Study author Dr. Eran Elinav at Weizmann’s Department of Immunology noted, “Our relationship with our own individual mix of gut bacteria is a huge factor in determining how the food we eat affects us. Especially intriguing is the link between use of artificial sweeteners – through the bacteria in our guts – to a tendency to develop the very disorders they were designed to prevent; this calls for reassessment of today’s massive, unsupervised consumption of these substances.”
The Bottom Line
While the use of artificial sweeteners hastening the development of glucose intolerance and metabolic disease is not novel, the mechanism of action – which is caused by the change in the composition and function of the gut microbiota – is a new and compelling finding.
But this study isn’t an endorsement for food or drinks high in sugar in place of those with artificial sweeteners. It does, however, suggest that we need to look more carefully at how the foods we eat affect our gut bacteria, and in turn, our health and weight.
I personally don’t use artificial sweeteners, as I don’t like their taste or aftertaste. Just like I don’t buy low-calorie or fat-free processed foods, I don’t consume artificial sweeteners. I typically use honey to sweeten my tea or coffee.
But while honey has a more positive health halo, from a metabolic standpoint (the rise in blood sugar followed by eating a food containing glucose), the effect is about the same. And while we’re on the subject, agave syrup is actually worse than ordinary table sugar or high fructose corn syrup.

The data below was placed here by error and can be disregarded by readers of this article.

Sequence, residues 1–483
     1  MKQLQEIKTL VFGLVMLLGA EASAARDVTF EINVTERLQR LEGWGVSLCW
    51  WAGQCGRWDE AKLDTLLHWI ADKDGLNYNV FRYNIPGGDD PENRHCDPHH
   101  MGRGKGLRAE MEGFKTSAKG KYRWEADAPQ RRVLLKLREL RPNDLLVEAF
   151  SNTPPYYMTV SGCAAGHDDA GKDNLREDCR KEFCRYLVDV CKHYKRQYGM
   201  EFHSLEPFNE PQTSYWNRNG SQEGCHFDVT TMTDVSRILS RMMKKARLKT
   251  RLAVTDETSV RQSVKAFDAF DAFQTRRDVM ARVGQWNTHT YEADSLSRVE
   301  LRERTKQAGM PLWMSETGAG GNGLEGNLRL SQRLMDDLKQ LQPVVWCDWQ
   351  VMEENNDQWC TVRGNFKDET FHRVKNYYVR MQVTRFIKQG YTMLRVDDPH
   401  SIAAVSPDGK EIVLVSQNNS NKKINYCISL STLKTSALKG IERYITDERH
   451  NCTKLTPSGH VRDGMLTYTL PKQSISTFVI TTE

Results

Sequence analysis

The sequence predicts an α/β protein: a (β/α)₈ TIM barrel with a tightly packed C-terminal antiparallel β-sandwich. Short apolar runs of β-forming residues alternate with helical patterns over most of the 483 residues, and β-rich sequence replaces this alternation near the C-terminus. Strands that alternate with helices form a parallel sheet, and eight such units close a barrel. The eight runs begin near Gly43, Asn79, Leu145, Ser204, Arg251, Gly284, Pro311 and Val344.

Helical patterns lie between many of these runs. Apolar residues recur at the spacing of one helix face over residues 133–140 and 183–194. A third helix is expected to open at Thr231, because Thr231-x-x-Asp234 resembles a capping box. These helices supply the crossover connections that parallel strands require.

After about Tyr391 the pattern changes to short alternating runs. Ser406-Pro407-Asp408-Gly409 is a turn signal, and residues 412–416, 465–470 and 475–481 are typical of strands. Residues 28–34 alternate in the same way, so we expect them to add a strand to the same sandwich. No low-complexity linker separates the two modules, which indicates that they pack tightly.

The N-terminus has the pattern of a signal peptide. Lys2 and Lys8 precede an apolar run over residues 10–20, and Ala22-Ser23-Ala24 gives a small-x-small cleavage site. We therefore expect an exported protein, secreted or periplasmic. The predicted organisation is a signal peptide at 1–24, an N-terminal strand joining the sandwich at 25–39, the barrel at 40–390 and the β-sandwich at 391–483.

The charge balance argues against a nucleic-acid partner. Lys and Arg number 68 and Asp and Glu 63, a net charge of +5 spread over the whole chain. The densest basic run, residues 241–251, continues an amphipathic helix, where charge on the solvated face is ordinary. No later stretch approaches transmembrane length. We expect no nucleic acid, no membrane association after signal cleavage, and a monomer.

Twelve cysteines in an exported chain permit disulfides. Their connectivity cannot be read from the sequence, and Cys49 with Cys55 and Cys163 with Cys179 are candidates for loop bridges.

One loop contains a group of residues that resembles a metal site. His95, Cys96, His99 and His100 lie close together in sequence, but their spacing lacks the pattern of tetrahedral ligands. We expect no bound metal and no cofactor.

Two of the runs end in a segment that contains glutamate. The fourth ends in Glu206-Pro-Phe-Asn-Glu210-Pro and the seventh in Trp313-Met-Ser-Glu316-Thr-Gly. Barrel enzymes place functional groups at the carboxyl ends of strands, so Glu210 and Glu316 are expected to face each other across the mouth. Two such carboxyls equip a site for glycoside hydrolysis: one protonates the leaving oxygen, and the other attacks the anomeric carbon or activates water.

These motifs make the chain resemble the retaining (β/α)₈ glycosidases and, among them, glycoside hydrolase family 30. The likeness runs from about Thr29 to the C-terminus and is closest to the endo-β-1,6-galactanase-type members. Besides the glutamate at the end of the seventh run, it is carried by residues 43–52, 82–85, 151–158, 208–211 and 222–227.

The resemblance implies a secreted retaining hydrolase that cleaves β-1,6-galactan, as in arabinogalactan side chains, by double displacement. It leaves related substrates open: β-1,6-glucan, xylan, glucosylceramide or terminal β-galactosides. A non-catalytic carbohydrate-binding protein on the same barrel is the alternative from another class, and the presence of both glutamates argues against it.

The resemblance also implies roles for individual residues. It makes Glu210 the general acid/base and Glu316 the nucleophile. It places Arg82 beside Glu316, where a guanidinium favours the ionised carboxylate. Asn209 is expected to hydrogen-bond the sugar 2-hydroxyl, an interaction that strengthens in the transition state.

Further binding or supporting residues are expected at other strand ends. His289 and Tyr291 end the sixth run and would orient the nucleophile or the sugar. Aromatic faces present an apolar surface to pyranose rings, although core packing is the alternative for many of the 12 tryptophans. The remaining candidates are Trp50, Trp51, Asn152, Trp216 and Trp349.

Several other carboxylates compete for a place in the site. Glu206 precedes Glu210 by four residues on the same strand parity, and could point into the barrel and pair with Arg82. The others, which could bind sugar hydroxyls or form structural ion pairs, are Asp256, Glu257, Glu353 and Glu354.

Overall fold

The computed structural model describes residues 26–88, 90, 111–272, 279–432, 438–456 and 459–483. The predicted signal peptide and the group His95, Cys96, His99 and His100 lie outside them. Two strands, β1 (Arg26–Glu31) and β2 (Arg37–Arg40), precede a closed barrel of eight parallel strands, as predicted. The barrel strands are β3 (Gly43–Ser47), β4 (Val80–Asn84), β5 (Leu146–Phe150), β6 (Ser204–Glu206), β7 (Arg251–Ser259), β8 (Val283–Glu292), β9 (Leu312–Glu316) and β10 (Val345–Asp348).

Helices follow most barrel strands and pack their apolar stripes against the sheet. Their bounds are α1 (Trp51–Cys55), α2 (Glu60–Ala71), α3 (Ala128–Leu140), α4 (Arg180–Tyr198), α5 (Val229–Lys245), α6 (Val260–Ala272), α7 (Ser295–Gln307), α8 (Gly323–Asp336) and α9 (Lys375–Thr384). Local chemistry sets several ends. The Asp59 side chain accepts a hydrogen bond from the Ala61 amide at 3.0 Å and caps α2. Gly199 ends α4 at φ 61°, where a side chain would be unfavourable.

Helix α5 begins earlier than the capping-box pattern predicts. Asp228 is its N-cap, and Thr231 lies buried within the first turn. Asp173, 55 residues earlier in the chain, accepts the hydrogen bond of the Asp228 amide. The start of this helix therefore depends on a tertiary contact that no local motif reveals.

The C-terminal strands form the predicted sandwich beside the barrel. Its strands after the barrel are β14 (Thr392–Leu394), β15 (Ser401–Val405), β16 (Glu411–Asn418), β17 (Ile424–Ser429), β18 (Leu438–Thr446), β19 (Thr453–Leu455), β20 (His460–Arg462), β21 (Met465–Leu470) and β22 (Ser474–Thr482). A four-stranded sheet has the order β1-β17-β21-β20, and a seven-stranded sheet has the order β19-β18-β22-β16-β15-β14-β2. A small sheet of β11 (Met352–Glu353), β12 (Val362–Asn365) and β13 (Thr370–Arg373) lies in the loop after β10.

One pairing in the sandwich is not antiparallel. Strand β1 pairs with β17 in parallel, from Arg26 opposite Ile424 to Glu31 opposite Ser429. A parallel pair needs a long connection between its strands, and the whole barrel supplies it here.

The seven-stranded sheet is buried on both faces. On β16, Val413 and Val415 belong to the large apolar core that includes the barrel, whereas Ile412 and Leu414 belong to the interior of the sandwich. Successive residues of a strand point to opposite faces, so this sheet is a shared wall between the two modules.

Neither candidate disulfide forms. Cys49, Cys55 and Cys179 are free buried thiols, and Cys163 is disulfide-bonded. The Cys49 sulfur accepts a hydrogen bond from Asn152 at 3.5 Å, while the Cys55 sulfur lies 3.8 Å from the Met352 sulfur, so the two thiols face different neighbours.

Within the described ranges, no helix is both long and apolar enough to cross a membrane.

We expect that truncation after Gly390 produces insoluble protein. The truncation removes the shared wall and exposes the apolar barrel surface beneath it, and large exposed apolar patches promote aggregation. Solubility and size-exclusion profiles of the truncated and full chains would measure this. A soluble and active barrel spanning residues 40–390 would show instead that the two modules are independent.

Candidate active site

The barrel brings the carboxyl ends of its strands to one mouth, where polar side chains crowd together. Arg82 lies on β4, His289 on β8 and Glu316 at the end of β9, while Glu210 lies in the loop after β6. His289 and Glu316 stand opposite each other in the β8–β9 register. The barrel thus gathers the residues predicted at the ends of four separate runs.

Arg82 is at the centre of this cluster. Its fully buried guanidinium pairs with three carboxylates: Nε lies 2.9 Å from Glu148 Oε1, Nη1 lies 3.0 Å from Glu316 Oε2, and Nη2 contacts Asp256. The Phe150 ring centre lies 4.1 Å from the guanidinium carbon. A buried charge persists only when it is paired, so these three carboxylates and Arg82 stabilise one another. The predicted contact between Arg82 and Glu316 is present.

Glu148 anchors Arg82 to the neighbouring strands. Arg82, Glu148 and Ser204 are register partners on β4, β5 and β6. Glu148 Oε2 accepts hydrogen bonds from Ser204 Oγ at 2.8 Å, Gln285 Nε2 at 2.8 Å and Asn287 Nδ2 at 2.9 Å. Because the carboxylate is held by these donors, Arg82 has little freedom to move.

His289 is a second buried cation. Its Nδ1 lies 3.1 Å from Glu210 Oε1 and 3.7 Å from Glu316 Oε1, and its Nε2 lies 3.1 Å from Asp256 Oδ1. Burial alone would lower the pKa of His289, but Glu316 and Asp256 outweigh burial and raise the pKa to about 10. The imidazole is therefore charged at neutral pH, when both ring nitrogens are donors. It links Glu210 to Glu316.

Based on this new information, it would seem prudent to cut way back on or discontinue the use of artificial sweeteners. We’re not recommending that you replace your daily Sweet ‘N Low with sugar. Instead, try shifting your palate from an overreliance on sweet, sugary tasting foods.
If you want to sweeten a beverage or food, sprinkle on a bit or sugar or use a small teaspoon of honey. Or, use a natural sugar alternative like stevia (rebiana, PureVia, or Truvia), monkfruit extract (Monkfruit in the Raw, Nectresse), or sugar alcohols (sorbitol, xylitol, mannitol), in moderation, of course.
And though the number one source of added sugars might be sweetened beverages like soft drinks, but many foods like bread contain hidden sugar. Read labels to be sure (and to be shocked).
Need some guidelines to help keep you on track? The American Heart Association recommends that most American women should not eat or drink more than 100 calories or 6 teaspoons per day from added sugars. Most American men should not eat or drink more than 150 calories or 9 teaspoons per day from added sugars.
Remember, the food we feed ourselves also feeds our gut bacteria. Make good choices for you and your gut, and you’ll more than likely see a big impact on your health and weight!
Note: Brand names for aspartame [NutraSweet, Equal]; sucralose [Splenda] and saccharin [Sweet ‘N Low].